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The Horizontal Method of Analyzing Financial Statements

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  • 0:03 Horizontal Method of Analysis
  • 0:35 What Is Horizontal Analysis?
  • 2:54 Balance Sheets
  • 3:33 Income Statements
  • 4:21 Retained Earnings Statements
  • 5:10 Lesson Summary
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Lesson Transcript
Instructor: Beth Loy

Dr. Loy has a Ph.D. in Resource Economics; master's degrees in economics, human resources, and safety; and has taught masters and doctorate level courses in statistics, research methods, economics, and management.

This lesson focuses on horizontal analysis, which is used to compare financial balances over time. Following this lesson, you'll be able to explain how to use the analysis for a balance sheet, income statement, and retained earnings statement.

Horizontal Method of Analysis

Have you ever been involved in organizing a fundraising campaign year after year? Well, if you've looked at what type of campaign raises the most money, you know about horizontal analysis. Say the one year you sold fruit, you increased your funds by 50% from the previous years when you did a car wash and a raffle. So, now you want to focus on fruit sales. This is an example of a decision you made based on the horizontal method of analyzing financial statements, known as horizontal analysis.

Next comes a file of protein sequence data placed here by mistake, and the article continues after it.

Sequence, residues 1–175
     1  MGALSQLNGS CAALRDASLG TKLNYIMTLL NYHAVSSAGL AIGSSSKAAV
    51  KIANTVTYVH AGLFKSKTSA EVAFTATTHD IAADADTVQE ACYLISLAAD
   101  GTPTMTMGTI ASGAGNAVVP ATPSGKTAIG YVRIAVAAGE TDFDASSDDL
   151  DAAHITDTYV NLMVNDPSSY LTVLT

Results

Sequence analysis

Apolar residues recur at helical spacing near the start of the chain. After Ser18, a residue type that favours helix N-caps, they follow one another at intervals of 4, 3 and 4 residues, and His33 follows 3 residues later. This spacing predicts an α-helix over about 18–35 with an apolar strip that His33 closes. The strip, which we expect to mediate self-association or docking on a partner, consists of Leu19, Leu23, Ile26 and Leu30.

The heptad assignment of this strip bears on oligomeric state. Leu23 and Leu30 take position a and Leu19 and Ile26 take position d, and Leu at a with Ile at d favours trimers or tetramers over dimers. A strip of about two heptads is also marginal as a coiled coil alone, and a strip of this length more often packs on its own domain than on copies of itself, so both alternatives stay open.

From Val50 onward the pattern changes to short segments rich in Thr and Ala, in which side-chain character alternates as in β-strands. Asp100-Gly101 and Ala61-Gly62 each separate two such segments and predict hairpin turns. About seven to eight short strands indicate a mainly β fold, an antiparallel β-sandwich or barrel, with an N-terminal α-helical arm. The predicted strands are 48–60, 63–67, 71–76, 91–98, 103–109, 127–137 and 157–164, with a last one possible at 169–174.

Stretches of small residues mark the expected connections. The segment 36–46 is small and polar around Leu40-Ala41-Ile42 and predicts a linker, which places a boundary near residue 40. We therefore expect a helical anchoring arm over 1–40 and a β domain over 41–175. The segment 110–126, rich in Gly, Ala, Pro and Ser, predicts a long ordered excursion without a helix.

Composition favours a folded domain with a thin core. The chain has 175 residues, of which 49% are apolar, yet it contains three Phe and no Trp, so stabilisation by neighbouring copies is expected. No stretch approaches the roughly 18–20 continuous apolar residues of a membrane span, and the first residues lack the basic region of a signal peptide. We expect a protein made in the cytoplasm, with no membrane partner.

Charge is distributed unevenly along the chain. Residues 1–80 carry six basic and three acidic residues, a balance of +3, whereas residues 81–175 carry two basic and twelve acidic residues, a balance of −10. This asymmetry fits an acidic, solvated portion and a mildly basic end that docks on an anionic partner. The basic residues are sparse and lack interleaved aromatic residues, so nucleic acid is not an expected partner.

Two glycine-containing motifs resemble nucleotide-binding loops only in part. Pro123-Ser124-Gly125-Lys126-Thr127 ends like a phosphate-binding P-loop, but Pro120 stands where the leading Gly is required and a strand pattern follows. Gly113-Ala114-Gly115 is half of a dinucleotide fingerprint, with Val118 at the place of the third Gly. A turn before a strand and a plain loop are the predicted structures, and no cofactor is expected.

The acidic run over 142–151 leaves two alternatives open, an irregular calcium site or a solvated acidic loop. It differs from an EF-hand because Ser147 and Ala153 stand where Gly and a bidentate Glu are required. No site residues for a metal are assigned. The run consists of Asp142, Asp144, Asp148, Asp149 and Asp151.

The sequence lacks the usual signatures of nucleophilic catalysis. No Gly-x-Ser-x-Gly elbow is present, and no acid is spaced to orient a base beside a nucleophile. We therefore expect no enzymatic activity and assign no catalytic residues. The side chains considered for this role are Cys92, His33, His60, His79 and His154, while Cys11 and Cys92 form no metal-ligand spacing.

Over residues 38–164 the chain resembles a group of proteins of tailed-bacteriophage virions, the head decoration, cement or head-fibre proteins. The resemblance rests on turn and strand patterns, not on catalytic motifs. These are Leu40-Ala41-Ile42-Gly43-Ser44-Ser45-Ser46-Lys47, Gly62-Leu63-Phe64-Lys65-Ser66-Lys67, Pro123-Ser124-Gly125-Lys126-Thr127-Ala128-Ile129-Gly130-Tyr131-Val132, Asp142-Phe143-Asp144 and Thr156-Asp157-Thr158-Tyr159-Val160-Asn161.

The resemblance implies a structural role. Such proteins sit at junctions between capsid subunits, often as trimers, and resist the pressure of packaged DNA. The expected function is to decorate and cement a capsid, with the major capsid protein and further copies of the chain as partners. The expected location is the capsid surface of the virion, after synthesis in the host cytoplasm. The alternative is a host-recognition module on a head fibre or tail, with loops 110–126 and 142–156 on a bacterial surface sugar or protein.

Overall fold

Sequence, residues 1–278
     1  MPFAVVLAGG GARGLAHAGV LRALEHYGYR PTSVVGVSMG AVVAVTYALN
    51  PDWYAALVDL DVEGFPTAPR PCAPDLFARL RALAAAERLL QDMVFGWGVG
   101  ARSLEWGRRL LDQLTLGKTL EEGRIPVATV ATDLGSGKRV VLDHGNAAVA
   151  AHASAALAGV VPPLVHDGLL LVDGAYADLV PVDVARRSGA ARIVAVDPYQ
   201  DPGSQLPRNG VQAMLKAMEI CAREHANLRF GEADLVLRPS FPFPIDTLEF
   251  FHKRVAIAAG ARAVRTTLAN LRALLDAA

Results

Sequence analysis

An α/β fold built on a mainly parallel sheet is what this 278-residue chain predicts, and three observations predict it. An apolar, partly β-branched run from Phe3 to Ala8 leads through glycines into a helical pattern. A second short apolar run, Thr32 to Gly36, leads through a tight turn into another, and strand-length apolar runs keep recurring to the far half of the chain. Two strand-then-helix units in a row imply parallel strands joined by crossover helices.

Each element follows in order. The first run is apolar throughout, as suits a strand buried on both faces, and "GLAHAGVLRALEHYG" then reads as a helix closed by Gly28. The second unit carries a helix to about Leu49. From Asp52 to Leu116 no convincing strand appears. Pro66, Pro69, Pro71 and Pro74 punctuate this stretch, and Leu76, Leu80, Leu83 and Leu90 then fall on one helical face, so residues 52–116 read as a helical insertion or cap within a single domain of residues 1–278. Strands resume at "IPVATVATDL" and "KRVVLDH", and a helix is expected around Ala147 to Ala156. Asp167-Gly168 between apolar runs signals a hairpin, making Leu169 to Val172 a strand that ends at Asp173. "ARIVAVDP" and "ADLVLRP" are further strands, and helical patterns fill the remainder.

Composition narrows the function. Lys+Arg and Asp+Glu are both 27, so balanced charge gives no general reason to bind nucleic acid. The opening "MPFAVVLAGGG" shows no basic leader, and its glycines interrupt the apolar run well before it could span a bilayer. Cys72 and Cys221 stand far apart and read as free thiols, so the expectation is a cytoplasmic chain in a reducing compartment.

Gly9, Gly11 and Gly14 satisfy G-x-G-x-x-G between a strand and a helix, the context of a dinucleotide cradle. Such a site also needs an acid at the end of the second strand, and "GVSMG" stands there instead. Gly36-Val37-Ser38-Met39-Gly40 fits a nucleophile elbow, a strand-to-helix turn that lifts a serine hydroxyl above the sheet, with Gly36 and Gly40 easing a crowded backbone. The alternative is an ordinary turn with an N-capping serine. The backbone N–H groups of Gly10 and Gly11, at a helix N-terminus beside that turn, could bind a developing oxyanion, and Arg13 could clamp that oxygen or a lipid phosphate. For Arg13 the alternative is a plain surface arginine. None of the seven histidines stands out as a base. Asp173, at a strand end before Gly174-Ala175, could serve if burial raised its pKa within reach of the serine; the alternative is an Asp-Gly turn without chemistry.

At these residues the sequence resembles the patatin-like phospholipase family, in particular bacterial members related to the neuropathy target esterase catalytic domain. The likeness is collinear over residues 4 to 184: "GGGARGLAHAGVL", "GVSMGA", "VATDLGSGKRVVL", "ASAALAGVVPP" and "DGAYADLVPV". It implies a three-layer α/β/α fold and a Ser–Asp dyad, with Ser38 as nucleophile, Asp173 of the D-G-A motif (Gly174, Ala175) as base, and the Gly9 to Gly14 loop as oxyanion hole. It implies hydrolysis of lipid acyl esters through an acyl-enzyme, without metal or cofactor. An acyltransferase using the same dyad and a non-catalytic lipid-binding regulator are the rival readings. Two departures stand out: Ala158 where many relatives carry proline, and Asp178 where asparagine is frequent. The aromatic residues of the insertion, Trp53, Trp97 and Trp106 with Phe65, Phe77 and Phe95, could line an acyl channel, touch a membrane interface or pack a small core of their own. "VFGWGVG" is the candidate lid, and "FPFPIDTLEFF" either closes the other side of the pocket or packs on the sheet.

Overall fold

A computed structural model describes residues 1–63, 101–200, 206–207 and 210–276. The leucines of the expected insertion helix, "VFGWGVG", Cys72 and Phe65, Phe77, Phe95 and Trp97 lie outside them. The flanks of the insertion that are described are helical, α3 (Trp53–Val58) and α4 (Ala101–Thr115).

What Is Horizontal Analysis?

Horizontal analysis is done when an accountant compares different aspects of a business' finances over a certain period of time. It may be done over a month, season, quarter, year, or any other period of relevance. There are two methods for doing a horizontal analysis, which is sometimes referred to as a trend analysis. It can be done with dollars or percentages. Let's look at examples of each.

A dollar analysis looks at the amount of money left after a certain period. Say you're comparing quarters. You would look at the number of dollars left at the end of a quarter and compare that to other quarters.

For example, let's say we own an ice cream shop. We want to do a horizontal analysis on our slowest months, January through March, and we want to know if our off-season marketing effort is working. We will compare the first quarter of our fiscal year from 2014 to that quarter in 2015. A change in cash flow from $10,000 during the first quarter of 2014 to $15,000 during the same quarter of 2015 shows an increase of $5,000 (or $15,000 - $10,000). If nothing else has changed, we can surmise that our marketing effort is working.

A percentage analysis is where percentage differences in items are compared over certain time periods. Any dollar amounts are converted to percentages and used to make these comparisons.

Let's look again at the cash flows from our ice cream shop. We have a change in cash flow from $10,000 to $15,000. Our percentage analysis shows an increase of 50% (($15,000 - $10,000) / $10,000 = 0.5 or 50%). Again, this tells us that if nothing else changed during this time period, our marketing effort is working.

What else do these values tell you? Well, they help you figure out what is changing and why. Looking into these numbers further, you can see whether this is due to an increase in sales, reduction in costs, an anomaly, or even due to a change in marketing strategy. Most accountants report both numbers and percentages when doing a horizontal cost analysis. Typically, they're used to compare items from balance sheets, income statements, and retained earnings statements.

Balance Sheets

Balance sheets show us our total assets and total liabilities at a particular time. The difference would be the equity we have in our business. In our case it would be how much our ice cream shop is worth.

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